Separate names with a comma.
Discussion in 'On The Field' started by NRHorn, Feb 21, 2021.
Isn't it Maalik?
Hes got a high butt like Rod Babers likes to say.
Potato Potatoe, just thought I’d pass along a video of him throwing through a tight window.
I’ll do a spelling test with he and Bijon later.
I prefer Dijon because his moves has the mustard.
No Grey Poupon?
That would be Jayden Blue.
I thought it was Gaiden Blüe.
They call Alabama the Crimson Tide, call me Deacon Blue.
NRHorn had a great post then someone tanted it. Idoits.
Offseason is here, no doubt about it!
If we find out who the idoit is, they will be the laughing stalk of the boards!
Yup, off season in full swing...
Wow, a Steely Dan fan. You must be old because that was a great tune!!!
Steely Dan is awesome!
Upon Dion’s return, I plan to have a meeting at corporate. We will review bad posts, non sponsors and idoits. Think of the pledge screen in Animal House. At this meeting I plan to introduce the idoit portal. You arrive at TexAgs once you enter. Bubba won’t like the way they look at him when he gets there.
That lyric "They call Alabama the Crimson Tide. Call me Deacon Blue" always annoyed me for some reason. Don't no why other than it didn't make much sense. Why is he Deacon Blue?
Article in WSJ about that song. I recall the writer saying that he was thinking of Deacon Jones who was playing for the LA Rams at the time.
How Steely Dan Created ‘Deacon Blues’
Donald Fagen: Walter and I wrote “Deacon Blues” in Malibu, Calif., when we lived out there. Walter would come over to my place and we’d sit at the piano. I had an idea for a chorus: If a college football team like the University of Alabama could have a grandiose name like the “Crimson Tide,” the nerds and losers should be entitled to a grandiose name as well.
Walter Becker: Donald had a house that sat on top of a sand dune with a small room with a piano. From the window, you could see the Pacific in between the other houses. “Crimson Tide” didn’t mean anything to us except the exaggerated grandiosity that’s bestowed on winners. “Deacon Blues” was the equivalent for the loser in our song.
Mr. Fagen: When Walter came over, we started on the music, then started filling in more lyrics to fit the story. At that time, there had been a lineman with the Los Angeles Rams and the San Diego Chargers, Deacon Jones. We weren’t serious football fans, but Deacon Jones’s name was in the news a lot in the 1960s and early ‘70s, and we liked how it sounded. It also had two syllables, which was convenient, like “Crimson.” The name had nothing to do with Wake Forest’s Demon Deacons or any other team with a losing record. The only Deacon I was familiar with in football at the time was Deacon Jones.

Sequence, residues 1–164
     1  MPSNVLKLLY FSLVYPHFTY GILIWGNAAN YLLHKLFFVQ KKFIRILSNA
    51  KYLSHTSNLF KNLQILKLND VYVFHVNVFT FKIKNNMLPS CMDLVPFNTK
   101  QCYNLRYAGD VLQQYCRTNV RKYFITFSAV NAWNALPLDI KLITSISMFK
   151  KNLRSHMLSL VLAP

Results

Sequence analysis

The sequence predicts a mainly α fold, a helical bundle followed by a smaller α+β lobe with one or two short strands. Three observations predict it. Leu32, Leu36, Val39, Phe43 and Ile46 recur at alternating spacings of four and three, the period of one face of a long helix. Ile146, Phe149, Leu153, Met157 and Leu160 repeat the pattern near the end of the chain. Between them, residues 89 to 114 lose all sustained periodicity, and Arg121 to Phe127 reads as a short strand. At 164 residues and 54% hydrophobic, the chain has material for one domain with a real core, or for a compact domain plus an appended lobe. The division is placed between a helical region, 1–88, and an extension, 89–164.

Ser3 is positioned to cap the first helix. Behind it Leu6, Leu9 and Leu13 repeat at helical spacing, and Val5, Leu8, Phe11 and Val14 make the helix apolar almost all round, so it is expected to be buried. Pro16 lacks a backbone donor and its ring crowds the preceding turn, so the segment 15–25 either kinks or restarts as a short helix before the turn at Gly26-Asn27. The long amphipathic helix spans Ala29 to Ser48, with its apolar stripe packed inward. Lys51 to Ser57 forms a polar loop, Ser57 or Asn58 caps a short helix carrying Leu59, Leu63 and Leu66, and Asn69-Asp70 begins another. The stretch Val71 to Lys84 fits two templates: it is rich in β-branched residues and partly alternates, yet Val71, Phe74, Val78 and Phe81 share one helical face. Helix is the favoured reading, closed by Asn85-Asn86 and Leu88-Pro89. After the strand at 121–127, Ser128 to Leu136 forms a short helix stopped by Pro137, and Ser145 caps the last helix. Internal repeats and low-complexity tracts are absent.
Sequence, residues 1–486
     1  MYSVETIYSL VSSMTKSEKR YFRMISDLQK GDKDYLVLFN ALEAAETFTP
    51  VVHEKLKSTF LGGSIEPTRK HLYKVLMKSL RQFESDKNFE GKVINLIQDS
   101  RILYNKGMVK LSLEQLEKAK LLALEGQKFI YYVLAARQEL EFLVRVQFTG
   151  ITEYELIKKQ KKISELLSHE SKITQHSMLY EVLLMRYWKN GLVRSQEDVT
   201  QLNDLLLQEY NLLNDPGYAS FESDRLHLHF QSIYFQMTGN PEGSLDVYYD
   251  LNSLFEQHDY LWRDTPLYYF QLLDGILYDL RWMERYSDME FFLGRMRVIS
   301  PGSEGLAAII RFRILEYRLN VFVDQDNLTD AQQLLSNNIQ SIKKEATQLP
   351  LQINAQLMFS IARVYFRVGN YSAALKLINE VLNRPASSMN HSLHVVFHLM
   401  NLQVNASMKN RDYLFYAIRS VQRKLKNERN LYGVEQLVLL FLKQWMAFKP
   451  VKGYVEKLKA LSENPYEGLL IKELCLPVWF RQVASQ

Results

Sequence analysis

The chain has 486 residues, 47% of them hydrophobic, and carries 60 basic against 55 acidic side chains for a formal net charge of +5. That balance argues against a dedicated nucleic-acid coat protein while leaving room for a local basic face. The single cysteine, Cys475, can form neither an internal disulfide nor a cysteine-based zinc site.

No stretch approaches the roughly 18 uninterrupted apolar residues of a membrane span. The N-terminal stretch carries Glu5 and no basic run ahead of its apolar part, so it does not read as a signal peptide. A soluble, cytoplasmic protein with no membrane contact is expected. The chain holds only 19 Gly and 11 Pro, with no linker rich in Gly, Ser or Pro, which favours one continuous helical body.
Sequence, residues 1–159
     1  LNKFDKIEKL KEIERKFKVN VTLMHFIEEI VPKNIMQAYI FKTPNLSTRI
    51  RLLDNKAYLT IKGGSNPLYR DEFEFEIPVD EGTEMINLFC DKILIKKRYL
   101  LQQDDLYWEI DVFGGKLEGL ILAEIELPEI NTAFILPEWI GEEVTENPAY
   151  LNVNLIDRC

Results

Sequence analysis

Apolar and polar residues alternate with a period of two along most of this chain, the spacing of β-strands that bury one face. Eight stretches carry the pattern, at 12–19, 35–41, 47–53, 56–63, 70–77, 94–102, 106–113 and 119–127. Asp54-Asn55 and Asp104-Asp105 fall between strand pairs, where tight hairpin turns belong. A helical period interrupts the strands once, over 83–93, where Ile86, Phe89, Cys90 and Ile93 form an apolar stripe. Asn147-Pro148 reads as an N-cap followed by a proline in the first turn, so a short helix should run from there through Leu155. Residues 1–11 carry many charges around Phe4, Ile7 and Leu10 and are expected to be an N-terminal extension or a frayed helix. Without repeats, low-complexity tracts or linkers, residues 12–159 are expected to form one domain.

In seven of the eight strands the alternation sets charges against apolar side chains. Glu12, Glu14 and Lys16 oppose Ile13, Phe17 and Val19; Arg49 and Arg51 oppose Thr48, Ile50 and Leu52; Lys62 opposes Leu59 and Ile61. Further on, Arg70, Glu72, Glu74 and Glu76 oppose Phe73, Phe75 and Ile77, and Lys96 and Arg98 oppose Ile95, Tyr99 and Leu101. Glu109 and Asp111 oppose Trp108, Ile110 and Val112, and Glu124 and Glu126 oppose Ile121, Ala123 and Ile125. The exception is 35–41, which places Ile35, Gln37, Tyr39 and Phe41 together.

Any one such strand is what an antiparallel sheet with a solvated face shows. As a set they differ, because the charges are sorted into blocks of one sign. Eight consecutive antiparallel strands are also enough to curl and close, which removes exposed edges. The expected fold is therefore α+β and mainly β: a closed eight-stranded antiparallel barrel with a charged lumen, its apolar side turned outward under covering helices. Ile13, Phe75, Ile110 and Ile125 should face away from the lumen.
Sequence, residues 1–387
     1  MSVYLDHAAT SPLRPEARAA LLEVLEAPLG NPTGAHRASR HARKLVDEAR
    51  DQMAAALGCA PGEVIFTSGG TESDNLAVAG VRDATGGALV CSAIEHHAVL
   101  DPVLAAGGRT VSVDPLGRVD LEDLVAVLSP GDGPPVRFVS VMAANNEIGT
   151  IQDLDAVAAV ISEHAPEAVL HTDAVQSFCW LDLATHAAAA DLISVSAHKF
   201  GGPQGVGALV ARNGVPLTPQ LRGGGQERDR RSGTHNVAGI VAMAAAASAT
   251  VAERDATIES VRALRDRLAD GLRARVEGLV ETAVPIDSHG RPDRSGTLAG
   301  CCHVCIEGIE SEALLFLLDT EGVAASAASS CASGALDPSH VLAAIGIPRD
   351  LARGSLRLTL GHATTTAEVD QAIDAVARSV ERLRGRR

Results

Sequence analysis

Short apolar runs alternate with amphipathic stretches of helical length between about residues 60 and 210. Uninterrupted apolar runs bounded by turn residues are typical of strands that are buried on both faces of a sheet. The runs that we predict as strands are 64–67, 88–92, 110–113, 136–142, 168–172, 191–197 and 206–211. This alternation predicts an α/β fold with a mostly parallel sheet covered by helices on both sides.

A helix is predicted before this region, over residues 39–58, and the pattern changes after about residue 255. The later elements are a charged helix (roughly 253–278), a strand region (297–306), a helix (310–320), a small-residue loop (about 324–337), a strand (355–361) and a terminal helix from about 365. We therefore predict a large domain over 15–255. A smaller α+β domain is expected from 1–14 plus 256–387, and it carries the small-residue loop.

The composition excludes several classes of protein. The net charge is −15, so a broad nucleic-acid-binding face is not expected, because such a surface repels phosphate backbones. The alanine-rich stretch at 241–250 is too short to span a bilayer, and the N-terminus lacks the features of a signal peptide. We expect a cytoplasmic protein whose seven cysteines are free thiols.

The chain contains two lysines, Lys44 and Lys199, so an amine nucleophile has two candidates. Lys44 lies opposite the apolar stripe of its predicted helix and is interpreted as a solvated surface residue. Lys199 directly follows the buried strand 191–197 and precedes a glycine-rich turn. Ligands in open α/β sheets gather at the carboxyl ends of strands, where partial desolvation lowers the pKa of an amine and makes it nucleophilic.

Many people have assumed the song is about a guy in the suburbs who ditches his life to become a musician. In truth, I’m not sure the guy actually achieves his dream. He might not even play the horn. It’s the fantasy life of a suburban guy from a certain subculture. Many of our songs are journalistic. But this one was more autobiographical, about our own dreams when we were growing up in different suburban communities—me in New Jersey and Walter in Westchester County.
Mr. Becker: The protagonist in “Deacon Blues” is a triple-L loser—an L-L-L Loser. It’s not so much about a guy who achieves his dream but about a broken dream of a broken man living a broken life.
Mr. Fagen: The concept of the “expanding man” that opens the song [“This is the day of the expanding man / That shape is my shade there where I used to stand”] may have been inspired by Alfred Bester’s “The Demolished Man.” Walter and I were major sci-fi fans. The guy in the song imagines himself ascending the levels of evolution, “expanding” his mind, his spiritual possibilities and his options in life.
Mr. Becker: His personal history didn’t look like much so we allowed him to explode and provided him with a map for some kind of future.
Mr. Fagen: Say a guy is living at home at his parents’ house in suburbia. One day, when he’s 31, he wakes up and decides he wants to change the way he struts his stuff.
Mr. Becker: Or he’s making a skylight for his room above the garage and when the hole is open he feels the vibes coming in and has an epiphany. Or he’s playing chess games against himself by making moves out of a book and cheating.
A mystical thing takes place and he’s suddenly aware of his surroundings and life, and starts thinking about his options. The “fine line” we use in the song [“So useless to ask me why / Throw a kiss and say goodbye / I’ll make it this time / I’m ready to cross that fine line”] is the dividing line between being a loser and winner, at least according to his own code. He’s obviously tried to cross it before, without success.
Well, I hope you are happy now after I supplied you the answer. I do so much for you. /sarc
Appreciate the history. Great song a a great band.
Most rock and roll lyrics don't make sense or worse, just say the same thing over and over and over (queue Andy Rooney reading the lyrics to Michael Jackson's "Bad" on 60 Minutes). John Lennon reportedly wrote the lyrics to "I Am the Walrus" while on an acid trip, which explains a lot. Still, I miss Rock and Roll. Danny and the Juniors were wrong. Rock and Roll did indeed die (thanks Millenials).
Speaking of idoits and because it is the offseason after all...
How do you pronounce that word when you silently read it to yourself? Texanne and I discussed this 20 years ago but I don't expect everybody to remember that.
Do you hear the southern sounding id-oit, where just the vowel sounds are reversed?
Or do you hear it like the French might say it: ee-dwah?
Feel free to discuss until late August.
Business casual attire I assume
I propose adding "high butt" to the agenda just because
The Fez and FM are 2 my SD favs.
Don't laugh. I found out LAST year the origin of SD's name.
I lost that number, sorry Ricky.